Tell us something you’d like the public to understand about fundraising.
Fundraising is about relationships, being able to make others feel connected to the mission, and the impact that they are making to their community by providing their support.
Sagi Melamed in his book, Mindful Fundraising, explains,
Fundraising and development, as I see it, is about vision and dream. Fundraisers must believe in the cause for which they are raising money and must be capable of translating the organization’s physical and fiscal needs into a vision and a dream. A fundraiser who treats his or her work as begging and views donation requests as requests for personal favors from the donors will never succeed. Fundraising in this day and age can essentially be boiled down to ‘motivating and inviting people to fulfill a dream while inspiring them to use their money to do good.’ (pg. 7)
Tell us more about your professional background.
I am currently the project manager at Bay Cove Human Services, working specifically in the Boston Certified Community Behavioral Health Clinic, a multidisciplinary team that supports people from all different backgrounds with navigating the complexities of behavioral and physical health services in the Boston area.
Previously, as the Associate Director of Parent and Family Giving at Brandeis University, I worked directly with parents and families at the university to raise funds for causes that were most meaningful to them and their students. This work required a deep understanding of the cycle of fundraising and the importance of developing caring relationships. At the JCC of Greater Boston, I analyzed donation trends, conducted research, and developed a staff campaign timeline. In the past I have led health education outreach activities at The Family Van, and drove the creation of a mental health survey instrument at the Health Equity Research Lab.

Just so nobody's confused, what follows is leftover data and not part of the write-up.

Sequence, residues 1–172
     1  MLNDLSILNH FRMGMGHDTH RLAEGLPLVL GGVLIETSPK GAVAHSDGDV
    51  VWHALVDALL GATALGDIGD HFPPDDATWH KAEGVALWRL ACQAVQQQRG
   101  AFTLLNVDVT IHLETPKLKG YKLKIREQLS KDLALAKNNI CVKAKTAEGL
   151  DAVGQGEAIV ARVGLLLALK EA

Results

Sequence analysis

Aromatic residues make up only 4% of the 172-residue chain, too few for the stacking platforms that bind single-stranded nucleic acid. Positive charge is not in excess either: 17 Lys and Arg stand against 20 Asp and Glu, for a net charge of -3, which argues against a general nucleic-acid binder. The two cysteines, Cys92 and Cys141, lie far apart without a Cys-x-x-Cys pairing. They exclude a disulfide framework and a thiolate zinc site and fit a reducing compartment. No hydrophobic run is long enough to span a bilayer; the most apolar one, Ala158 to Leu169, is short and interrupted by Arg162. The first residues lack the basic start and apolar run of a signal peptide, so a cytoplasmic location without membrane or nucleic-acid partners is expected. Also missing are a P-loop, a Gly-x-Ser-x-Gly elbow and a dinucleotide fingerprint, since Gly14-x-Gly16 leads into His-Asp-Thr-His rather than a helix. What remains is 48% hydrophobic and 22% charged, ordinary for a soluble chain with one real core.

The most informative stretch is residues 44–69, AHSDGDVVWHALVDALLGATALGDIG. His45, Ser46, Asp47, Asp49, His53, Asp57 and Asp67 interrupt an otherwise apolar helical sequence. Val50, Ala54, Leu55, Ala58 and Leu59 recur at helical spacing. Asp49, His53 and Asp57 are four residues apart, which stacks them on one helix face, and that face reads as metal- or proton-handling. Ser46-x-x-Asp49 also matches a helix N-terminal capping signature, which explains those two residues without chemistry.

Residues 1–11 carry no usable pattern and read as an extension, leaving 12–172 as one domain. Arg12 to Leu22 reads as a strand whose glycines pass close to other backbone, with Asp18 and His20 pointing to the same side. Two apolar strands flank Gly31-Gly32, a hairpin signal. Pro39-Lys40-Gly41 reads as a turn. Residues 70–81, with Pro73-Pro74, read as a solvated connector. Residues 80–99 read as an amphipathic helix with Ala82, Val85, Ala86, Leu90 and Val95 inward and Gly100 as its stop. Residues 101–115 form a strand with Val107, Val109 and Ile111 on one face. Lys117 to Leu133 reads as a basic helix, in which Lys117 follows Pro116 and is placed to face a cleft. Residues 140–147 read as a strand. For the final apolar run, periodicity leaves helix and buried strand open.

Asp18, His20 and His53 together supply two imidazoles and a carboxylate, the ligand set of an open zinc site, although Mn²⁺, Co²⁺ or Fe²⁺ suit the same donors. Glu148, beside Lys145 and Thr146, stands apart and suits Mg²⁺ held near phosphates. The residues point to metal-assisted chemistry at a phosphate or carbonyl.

How does your personal background influence your work with the milk bank?
I was born and raised in Mexico City and lived in Israel before arriving to the United States for my undergraduate studies at Brandeis University. I grew up at the intersection of Mexican and Israeli culture at home. I have learned to leverage my rich cultural and linguistic literacy to work towards reducing health disparities for people from all cultures and backgrounds at different organizations.
The mission of the milk bank to provide human milk to fragile babies and support mothers is what speaks the most to me. Additionally, in the United States racial and ethnic minorities have larger numbers of preterm births. Preterm babies benefit the most from human milk and Mothers’ Milk Bank Northeast provides access to this important resource through its Special Assistance Program. This program provides human milk to mothers and families who otherwise would not be able to afford it. The milk bank also advocates at the state and national level for a future where human milk is covered by public and private insurances. In my opinion, this is crucial work that increases equity and ensures access to human milk for fragile babies.
Thank you, Tali! We are fortunate to have someone with your perspective and experience on our board.